Thursday, August 14, 2008

EXOPLANETS


Left, explanation. (U/California). At the telescope, we measure the change in the wavelength (color) of light coming from a star over the course of days, months, and years. This changing wavelength is the Doppler shift of the light, resulting from the star orbiting a common center of mass with a companion planet. For example, Jupiter's gravitational pull causes the Sun to wobble around in a circle with a velocity of 12 meters per second.



Thanks to analysis of oscillations of light (radial velocity method/doppler shift due to stellar wobble), coming from suns different to our, induced by appearances and disappearances of celestial bodies orbiting around them, has been possible to document the existence -since 1991 to the date- of around 300 exoplanets. A fact that has allowed to David Bennett (U/Notre Dame), , to calculate that for each 2 present suns in our galaxy, exists at least 1 exoplanet, with what it would exist around 50 billion planetary systems alone in our Milky Way. An amazing number that favors the possibility of existence of life outside of our planetary system. Nevertheless the data regarding this last declaration, are not good. Most of discovered exoplanets to the date are gassy, inhospitable and orbit very near their suns, being for that denominated "hot Jupiter". Nevertheless, another group of scientists adduces that the littleness and scarce glow of many exoplanets, prevent to discover them with the current technology.


Exoplanet search has facilitated meanwhile, to discover extrasolar systems with up to 7 exoplanets (55 Cancri System). Some exoplanets has been silent witness and resisted the hot expansions of their stars about to collapse for exhaustion of its internal helium. Other stayed frozen at certain distance of their suns. Other, superhot goes losing its gassy atmosphere, as long as they orbit near its sun. Some scientists have seen the genesis of some exoplanets to the interior of accretion disks. The European satellite Corot, and the NASA, have begun recently an aggressive program of exoplanet search with the last aim of identifying planets similar to ours, able to harbor life.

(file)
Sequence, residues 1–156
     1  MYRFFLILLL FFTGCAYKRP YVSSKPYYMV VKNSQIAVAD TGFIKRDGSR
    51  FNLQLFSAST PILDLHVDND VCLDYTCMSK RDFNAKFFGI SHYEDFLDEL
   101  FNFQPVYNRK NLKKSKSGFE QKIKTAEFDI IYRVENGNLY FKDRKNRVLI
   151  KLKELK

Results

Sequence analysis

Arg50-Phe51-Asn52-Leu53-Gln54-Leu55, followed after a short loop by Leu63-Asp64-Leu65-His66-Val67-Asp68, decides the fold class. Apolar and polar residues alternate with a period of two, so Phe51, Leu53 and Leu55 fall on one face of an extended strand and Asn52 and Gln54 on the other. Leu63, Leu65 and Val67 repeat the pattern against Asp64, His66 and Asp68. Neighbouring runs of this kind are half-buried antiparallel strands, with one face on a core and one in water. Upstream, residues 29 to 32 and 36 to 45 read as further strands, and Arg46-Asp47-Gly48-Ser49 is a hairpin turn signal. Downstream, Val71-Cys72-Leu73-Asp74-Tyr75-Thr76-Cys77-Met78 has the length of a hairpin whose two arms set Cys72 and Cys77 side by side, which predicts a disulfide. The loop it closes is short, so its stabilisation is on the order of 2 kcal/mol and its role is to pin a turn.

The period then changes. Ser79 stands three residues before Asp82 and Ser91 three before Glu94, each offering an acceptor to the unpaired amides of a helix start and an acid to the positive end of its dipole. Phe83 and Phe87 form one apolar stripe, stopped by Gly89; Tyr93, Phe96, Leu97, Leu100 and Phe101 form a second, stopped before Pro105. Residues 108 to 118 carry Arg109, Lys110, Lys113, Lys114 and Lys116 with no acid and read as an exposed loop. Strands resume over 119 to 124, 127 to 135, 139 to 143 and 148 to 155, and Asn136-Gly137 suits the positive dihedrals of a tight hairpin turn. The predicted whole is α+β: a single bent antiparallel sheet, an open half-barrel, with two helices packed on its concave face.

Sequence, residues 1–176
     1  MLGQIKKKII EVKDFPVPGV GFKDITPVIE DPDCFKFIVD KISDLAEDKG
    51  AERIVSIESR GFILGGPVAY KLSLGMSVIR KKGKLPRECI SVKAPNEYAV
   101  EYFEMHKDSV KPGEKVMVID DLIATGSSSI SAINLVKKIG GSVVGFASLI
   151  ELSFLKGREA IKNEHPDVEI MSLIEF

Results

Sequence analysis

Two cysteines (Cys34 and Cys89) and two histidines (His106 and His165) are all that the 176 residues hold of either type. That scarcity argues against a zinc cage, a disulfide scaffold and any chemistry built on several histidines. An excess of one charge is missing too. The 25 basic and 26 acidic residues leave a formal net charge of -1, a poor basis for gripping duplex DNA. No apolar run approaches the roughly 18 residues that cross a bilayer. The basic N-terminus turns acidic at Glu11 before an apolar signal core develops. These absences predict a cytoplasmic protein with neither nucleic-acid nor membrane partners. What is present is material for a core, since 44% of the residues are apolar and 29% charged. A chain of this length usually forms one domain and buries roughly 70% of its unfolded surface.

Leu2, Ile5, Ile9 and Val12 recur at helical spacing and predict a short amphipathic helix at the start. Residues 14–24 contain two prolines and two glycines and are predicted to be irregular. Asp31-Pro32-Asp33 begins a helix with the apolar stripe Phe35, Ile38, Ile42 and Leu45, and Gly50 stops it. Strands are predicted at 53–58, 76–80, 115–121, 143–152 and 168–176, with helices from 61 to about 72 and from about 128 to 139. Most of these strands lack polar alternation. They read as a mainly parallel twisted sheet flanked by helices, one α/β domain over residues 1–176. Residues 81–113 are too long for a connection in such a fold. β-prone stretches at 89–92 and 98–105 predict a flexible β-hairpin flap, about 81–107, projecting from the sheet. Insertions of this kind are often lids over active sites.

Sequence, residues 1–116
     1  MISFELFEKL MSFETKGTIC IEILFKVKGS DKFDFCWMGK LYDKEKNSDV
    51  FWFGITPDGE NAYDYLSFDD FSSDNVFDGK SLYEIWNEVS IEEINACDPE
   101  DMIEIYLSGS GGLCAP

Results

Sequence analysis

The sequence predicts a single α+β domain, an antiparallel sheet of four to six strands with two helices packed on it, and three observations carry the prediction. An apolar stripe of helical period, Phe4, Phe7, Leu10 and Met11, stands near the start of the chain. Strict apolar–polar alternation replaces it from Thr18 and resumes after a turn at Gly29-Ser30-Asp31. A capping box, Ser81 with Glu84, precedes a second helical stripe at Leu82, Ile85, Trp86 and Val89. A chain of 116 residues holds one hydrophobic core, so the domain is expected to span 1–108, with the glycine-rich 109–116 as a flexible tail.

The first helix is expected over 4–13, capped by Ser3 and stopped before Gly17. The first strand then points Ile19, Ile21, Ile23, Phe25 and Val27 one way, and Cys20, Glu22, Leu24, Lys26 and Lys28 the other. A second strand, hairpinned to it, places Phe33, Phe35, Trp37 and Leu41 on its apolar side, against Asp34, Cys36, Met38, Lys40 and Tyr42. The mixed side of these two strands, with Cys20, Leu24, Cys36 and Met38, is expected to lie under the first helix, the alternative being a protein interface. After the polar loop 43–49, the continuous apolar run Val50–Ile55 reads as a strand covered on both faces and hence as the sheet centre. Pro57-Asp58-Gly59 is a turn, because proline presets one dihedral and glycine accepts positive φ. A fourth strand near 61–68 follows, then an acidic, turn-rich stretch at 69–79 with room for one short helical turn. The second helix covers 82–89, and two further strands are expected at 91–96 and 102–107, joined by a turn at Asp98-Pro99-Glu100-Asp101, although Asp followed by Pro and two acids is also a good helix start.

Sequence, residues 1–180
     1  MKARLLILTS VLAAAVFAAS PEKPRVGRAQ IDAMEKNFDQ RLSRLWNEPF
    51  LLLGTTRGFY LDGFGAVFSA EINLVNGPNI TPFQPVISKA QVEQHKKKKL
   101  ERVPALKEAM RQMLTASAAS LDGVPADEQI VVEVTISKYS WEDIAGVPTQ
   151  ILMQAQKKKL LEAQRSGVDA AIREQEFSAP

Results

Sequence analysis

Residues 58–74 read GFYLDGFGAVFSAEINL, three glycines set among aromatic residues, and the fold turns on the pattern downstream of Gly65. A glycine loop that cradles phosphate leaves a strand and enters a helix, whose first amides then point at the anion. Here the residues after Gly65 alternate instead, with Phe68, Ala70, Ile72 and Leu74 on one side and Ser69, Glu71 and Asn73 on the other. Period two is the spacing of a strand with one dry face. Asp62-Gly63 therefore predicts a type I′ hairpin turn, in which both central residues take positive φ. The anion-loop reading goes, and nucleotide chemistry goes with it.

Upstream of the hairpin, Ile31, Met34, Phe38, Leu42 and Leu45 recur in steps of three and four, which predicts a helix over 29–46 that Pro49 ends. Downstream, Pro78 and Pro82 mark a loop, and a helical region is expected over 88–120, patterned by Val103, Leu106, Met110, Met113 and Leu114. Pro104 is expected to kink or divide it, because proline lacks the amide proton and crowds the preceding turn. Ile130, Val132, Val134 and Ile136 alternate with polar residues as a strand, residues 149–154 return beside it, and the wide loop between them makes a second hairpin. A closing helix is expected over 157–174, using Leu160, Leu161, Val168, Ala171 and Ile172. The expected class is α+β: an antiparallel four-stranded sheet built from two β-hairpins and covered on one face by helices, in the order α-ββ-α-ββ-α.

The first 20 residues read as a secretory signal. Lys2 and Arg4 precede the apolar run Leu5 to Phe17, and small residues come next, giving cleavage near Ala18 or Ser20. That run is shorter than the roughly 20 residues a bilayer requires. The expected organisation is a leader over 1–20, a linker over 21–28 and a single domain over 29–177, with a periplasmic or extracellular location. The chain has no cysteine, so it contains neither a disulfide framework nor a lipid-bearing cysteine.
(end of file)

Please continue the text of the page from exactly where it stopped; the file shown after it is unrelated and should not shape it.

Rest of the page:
EXOPLANETAS

Merced a análisis de oscilaciones de la luz (método de velocidad radial/doppler shift due to stellar wobble), procedentes de soles distintos al nuestro, inducidas por apariciones y desapariciones de cuerpos celestes orbitantes alrededor de ellos, ha sido posible documentar la existencia -desde 1991 a la fecha- de alrededor de unos 300 exoplanetas. Un hecho que le ha permitido a David Bennett (U/Notre Dame), calcular que por cada 2 soles presentes en nuestra galaxia, existe al menos 1 exoplaneta, con lo que existirían alrededor de 50 billones de sistemas planetarios solo en la en la Via Láctea. Una barbaridad, que favorece la posibilidad de existencia de vida fuera de nuestro sistema planetario. No obstante los datos respecto a este ultimo aserto, son desalentadores. La mayoría de exoplanetas descubiertos a la fecha son gaseosos, inhóspitos y orbitan muy cerca de sus soles, siendo por ello denominados “Jupiter calientes”. No obstante, otro grupo de científicos aduce que la pequeñez y brillo escaso de muchos exoplanetas, impide descubrirlos con la tecnología actual.


La búsqueda de exoplanetas ha posibilitado mientras tanto, descubrir sistemas extrasolares con hasta 7 exoplanetas (55 Cancri System). Algunos exoplanetas han sido mudos testigos y resistido expansiones y calentamientos de sus estrellas a punto de colapsar por agotamiento de su helio interno. Otros se mantienen helados a cierta distancia de sus soles. Otros, supercalientes van perdiendo su atmósfera gaseosa, en tanto orbitan cerca de su sol. Algunos científicos han visibilizado incluso, la génesis misma de algunos exoplanetas al interior de discos de acreción. El satelite europeo Corot, y la NASA, han iniciado recientemente un agresivo programa de identificación de exoplanetas, con el fin último de identificar planetas semejantes al nuestro, capaces de albergar vida.

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